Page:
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It's that time of year again ... tax season
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April 15 is right around the corner, and everyone knows what that means. Tax returns are due to the Internal Revenue Service once again, and if you owe Uncle Sam any money, that is due as well.  
I’m a procrastinator when it comes to filing my tax return. The fact that I have paid taxes throughout the year and then have to sort through all the tax laws and jargon to see if I owe more money to the government is not very appealing to me. There have been a few years when I actually received a little money back, which is why I keep filing I guess — that, and my wife tells me I don’t look good in stripes.
For the past few years, I have prepared both my daughter’s and mother’s taxes as well. Last year, I made a major mistake on my daughter’s taxes, which affected my own return, too. Guess what?  The IRS does keep track of these things.  Just call me the H&R Blockhead of the family.  I was able to sort everything out, but I have a feeling I am on the watch list for years to come.
As someone who cares for a parent, I thought it might be good to see if my mother could be claimed as a dependent on my return. Although my mom did not meet all the stipulations to qualify, I realize there may be folks out there that are caring for a parent who could be listed as an exemption.
The information that follows is in no way intended to be tax advice — refer to the previous paragraph if you need more convincing — but I thought this information was interesting.
From what I could gather, there are a few “tests” that the IRS has in order to qualify a parent as a dependent on your return. If you are a son or daughter caring for a parent, your parent qualifies based on the “member of household or relationship” test.  Even if the parent does not live with you, he/she may still qualify.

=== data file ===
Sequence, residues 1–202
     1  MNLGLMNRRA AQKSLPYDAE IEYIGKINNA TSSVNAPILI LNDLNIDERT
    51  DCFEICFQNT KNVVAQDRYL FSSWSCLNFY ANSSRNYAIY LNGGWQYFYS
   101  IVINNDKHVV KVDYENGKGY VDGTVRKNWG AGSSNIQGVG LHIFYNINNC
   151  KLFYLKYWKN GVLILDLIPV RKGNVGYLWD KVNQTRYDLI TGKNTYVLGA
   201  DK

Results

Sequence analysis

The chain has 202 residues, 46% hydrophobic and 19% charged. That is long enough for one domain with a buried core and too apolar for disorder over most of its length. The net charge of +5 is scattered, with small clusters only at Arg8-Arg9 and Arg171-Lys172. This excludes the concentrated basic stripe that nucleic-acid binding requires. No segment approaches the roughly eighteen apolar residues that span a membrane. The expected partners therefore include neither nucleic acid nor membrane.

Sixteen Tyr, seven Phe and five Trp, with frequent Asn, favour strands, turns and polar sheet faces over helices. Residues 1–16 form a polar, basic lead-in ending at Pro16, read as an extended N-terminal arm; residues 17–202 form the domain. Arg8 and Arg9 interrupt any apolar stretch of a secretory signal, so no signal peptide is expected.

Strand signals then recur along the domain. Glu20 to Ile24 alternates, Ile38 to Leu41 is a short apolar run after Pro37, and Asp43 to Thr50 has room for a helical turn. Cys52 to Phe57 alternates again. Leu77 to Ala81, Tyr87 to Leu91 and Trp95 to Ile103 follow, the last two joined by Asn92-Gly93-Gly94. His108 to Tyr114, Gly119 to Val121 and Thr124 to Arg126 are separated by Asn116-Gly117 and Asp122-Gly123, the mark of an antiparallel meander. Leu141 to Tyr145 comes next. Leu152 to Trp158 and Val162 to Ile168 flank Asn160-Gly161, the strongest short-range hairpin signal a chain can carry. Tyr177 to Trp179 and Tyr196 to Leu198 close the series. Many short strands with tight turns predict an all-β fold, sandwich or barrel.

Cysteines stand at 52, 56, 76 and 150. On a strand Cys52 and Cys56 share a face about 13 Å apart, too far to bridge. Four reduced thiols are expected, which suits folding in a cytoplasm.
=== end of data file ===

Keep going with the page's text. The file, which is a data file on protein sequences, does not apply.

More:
But there’s more, so don’t get too excited yet.
The “gross income” test stipulates that your parent’s gross annual income must be less than $3,700.  This amount does not include income from non-Social Security or disability payments, but other forms of income may apply. So seek advice from a tax expert if you believe your parent may qualify in this area.
The final test is the “Support” test. Simply stated, you must pay for more than half of your parent’s expenses. There are many factors that apply to this test, including food, clothing, housing, medical care and transportation. Again, a tax expert could help you determine if your parent qualifies under this test.
Remember, you must qualify your parent using all the above tests, not just one or the other. There are additional deductions, too, such as the “multiple support declaration” and the “child and dependent care credit.”  Of course, the best thing to do if you feel you may be able to claim your parent as a dependent is to seek expert advice. Most reputable tax services will have the answers you need.

DeLong is the executive director for The Suites at Station Exchange. Email him at

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